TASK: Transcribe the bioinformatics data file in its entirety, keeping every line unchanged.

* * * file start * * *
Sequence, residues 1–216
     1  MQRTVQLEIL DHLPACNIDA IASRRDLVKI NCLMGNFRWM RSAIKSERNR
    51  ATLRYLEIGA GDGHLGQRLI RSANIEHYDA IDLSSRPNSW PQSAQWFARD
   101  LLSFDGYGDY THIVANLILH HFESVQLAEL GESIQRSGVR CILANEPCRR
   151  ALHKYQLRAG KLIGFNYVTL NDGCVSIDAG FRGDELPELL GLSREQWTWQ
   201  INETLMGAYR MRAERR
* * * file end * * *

Sequence, residues 1–216
     1  MQRTVQLEIL DHLPACNIDA IASRRDLVKI NCLMGNFRWM RSAIKSERNR
    51  ATLRYLEIGA GDGHLGQRLI RSANIEHYDA IDLSSRPNSW PQSAQWFARD
   101  LLSFDGYGDY THIVANLILH HFESVQLAEL GESIQRSGVR CILANEPCRR
   151  ALHKYQLRAG KLIGFNYVTL NDGCVSIDAG FRGDELPELL GLSREQWTWQ
   201  INETLMGAYR MRAERR